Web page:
How to connect properly using mysqli

  1. Procedural code
  2. Object-oriented code
  3. Credentials explained
  4. Functions explained
  5. Handling errors
  6. Accessing the newly created connection
  7. Making mysqli queries less verbose
  8. Comments (1)

Unfortunately, the example code on the corresponding manual page lacks a lot of essential information, namely:

So, the correct example would be

Procedural code

$host '127.0.0.1';
$db   'test';
$user 'root';
$pass '';
$charset 'utf8mb4';

mysqli_report(MYSQLI_REPORT_ERROR MYSQLI_REPORT_STRICT);
try {
    
$mysqli mysqli_connect($host$user$pass$db);
    
mysqli_set_charset($mysqli$charset);
} catch (\
mysqli_sql_exception $e) {
     throw new \
mysqli_sql_exception($e->getMessage(), $e->getCode());
}

Object-oriented code

$host '127.0.0.1';
$db   'test';
$user 'root';
$pass '';
$charset 'utf8mb4';

mysqli_report(MYSQLI_REPORT_ERROR MYSQLI_REPORT_STRICT);
try {
    
$mysqli = new mysqli($host$user$pass$db);
    
$mysqli->set_charset($charset);
} catch (\
mysqli_sql_exception $e) {
     throw new \
mysqli_sql_exception($e->getMessage(), $e->getCode());
}

If your application code is mostly procedural, it would be a good idea to put the above code in a separate file called mysqli.php and then just include in all scripts that require a database connection.

In case your code is OOP, you most likely would put it in the constructor of your own database wrapper class. In this case you may want to check whether your class has any of the common mistakes, just in case.

Credentials explained

First of all we are defining variables that contain connection credentials. This set is familiar to anyone who were using the old mysql_connect() function, save for $charset may be, which was rarely used (although it should have been).

Functions explained

Beside mysqli_connect() we are using two additional functions here:

Handling errors

An uncaught exception is converted to a PHP fatal error. It is not a problem by itself, errors are for the good, and we desperately need this one to get the idea what's wrong with our database. But such a converted error contains a stack trace added to the error message, which in case of mysqli connection error would include the constructor parameters which happen to be the database credentials. Again, it shouldn't be a problem, as on a live site displaying errors should be always turned off anyway, but we are humans and we make mistakes. So, to avoid even a chance to reveal the credentials, we are catching the Exception and immediately re-throwing thit. So, now the stack trace begins on the throw line and doesn't contain the database credentials.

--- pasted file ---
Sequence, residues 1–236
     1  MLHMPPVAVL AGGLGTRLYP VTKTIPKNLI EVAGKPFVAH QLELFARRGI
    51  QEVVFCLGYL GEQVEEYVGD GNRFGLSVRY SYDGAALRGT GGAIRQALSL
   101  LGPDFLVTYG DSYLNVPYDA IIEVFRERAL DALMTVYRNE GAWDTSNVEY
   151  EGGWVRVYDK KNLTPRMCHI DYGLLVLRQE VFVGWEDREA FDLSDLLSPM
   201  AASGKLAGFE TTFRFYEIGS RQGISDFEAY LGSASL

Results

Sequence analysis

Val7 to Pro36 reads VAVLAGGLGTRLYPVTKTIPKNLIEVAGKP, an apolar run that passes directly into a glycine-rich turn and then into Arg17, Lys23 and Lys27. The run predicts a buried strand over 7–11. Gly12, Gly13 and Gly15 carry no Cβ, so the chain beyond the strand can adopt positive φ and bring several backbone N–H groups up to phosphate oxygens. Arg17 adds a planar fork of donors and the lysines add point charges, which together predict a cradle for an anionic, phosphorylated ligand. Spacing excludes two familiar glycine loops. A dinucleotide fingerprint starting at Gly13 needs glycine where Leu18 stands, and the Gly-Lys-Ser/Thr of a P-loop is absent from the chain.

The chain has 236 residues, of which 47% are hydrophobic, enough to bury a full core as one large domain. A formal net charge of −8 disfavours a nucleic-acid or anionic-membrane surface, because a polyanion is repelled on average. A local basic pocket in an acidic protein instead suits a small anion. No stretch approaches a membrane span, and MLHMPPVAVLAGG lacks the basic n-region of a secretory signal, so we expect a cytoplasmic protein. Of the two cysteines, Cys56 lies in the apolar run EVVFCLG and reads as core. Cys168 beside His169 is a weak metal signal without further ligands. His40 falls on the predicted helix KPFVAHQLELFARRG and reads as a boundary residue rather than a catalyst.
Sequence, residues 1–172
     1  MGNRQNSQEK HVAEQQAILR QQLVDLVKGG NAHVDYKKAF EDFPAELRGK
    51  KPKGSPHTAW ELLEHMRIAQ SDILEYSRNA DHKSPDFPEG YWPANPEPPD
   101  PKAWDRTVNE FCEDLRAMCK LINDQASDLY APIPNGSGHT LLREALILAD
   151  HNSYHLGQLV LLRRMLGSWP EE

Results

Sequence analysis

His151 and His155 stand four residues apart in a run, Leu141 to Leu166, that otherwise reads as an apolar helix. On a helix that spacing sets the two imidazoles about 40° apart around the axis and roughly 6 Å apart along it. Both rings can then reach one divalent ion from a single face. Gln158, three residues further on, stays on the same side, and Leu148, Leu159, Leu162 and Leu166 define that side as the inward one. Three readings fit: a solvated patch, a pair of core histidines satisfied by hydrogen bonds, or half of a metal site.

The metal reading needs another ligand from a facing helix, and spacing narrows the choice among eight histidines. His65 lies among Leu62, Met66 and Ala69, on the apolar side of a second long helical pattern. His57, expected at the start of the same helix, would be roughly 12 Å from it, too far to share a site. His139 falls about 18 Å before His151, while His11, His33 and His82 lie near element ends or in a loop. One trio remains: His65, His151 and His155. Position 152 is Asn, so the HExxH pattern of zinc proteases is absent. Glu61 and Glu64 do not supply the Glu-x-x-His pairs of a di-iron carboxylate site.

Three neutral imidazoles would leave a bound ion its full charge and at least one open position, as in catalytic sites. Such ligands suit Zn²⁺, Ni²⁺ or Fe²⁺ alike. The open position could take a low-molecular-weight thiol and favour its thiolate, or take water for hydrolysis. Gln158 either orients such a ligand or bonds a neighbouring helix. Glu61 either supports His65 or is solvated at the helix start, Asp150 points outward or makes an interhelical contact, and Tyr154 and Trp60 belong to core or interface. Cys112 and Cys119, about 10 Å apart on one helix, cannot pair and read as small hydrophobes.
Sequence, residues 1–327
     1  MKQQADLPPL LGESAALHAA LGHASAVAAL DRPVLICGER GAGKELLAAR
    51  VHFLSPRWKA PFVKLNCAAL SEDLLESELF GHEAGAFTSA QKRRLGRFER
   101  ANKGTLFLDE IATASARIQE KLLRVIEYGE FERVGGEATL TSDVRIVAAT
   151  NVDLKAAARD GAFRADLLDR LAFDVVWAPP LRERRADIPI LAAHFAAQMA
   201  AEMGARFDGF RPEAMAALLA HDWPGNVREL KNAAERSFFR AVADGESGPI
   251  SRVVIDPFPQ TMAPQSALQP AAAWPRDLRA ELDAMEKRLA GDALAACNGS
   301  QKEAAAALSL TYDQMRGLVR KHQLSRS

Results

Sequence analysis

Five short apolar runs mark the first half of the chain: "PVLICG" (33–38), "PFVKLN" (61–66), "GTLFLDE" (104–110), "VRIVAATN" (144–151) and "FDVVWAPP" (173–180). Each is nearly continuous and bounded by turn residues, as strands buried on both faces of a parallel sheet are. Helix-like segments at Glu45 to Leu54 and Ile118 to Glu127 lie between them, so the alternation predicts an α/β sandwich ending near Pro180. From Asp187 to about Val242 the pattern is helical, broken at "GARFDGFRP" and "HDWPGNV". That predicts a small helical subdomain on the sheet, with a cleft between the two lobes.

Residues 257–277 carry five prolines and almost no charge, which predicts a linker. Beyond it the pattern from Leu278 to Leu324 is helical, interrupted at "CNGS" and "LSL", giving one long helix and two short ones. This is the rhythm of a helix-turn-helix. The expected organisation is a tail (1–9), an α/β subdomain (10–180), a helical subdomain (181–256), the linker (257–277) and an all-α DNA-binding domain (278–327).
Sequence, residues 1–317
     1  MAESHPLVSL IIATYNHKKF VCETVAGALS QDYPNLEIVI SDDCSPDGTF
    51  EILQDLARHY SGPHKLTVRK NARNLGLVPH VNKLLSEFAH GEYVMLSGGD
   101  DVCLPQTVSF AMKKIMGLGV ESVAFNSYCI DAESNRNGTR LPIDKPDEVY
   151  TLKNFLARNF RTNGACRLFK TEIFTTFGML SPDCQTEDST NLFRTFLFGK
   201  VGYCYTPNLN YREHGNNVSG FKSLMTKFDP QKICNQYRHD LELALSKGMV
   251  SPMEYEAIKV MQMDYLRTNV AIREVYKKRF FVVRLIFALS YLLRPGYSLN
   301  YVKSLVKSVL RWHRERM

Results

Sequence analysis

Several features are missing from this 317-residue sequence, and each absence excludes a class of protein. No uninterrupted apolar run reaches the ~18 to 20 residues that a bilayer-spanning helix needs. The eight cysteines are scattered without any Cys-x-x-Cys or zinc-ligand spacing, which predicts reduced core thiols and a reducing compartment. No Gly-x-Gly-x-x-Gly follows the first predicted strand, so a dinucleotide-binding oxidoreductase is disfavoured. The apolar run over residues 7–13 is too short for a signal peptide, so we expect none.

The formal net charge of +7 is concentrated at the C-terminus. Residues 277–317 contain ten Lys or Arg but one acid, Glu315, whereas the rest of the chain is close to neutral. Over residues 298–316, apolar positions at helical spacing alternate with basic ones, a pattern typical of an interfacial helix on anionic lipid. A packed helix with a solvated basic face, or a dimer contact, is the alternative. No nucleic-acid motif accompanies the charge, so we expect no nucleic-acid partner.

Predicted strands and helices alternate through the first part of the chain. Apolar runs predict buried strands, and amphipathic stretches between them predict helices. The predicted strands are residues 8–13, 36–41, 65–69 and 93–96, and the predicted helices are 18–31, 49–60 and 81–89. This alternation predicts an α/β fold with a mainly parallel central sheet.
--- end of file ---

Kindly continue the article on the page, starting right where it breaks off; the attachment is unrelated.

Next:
However, if your connection code is wrapped in a function, this function's parameters will be shown in the stack trace as well. To avoid that, either send the credentials into this function in the form of array or object, or fetch them inside this function.

Accessing the newly created connection

There is one thing that makes mysqli a bit more complex to use than old mysql_connect related stuff. Although one was able to call mysql_query() anywhere in the code, without taking care of the connection which was magically supplied by PHP, with mysqli one should always make sure that once created mysqli instance is available in each part of their script. In a nutshell, it's all about accessing a $mysqli variable inside functions and object's methods.

So, to use mysqli in the global scope, just create a PHP file with the code above, and then include it in the every PHP script that needs a database connection. Whereas to access it in the functions/methods simply pass it as a parameter:

function getUserData($mysqli$id) {
    
$stmt $mysqli->prepare("SELECT * FROM user WHERE id=?");
    
$stmt->bind_param("s"$id);
    
$stmt->execute();
    return 
$stmt->get_result()->fetch_assoc();
}

remember that if a function is called inside another function, this outer function should take the $mysqli variable as a parameter as well.

Making mysqli queries less verbose

Given a rather verbose syntax of mysqli prepared statements (and the fact you must always use them if variables are going to be used in the query), it would be quite useful to have a function like this added to the file with your connection code (you can keep it a function if your code is procedural or make it a method of your database wrapper class if you are using OOP)

function mysqli($mysqli$sql$params = [], $types "")
{
    if (!
$params) {
        return 
$mysqli->query($sql);
    }
    
$types $types ?: str_repeat("s"count($params));
    
$stmt $mysqli->prepare($sql);
    
$stmt->bind_param($types, ...$params);
    
$stmt->execute();
    return 
$stmt;

A detailed description for this code you can read in the corresponding article

Now you can tell the difference:

$stmt $mysqli->prepare("SELECT * FROM user WHERE id=?");
$stmt->bind_param("s"$id);
$stmt->execute();
$user $stmt->get_result()->fetch_assoc();

vs.

$stmt mysqli($mysqli"SELECT * FROM user WHERE id=?", [$id]);
$user $stmt->get_result()->fetch_assoc();

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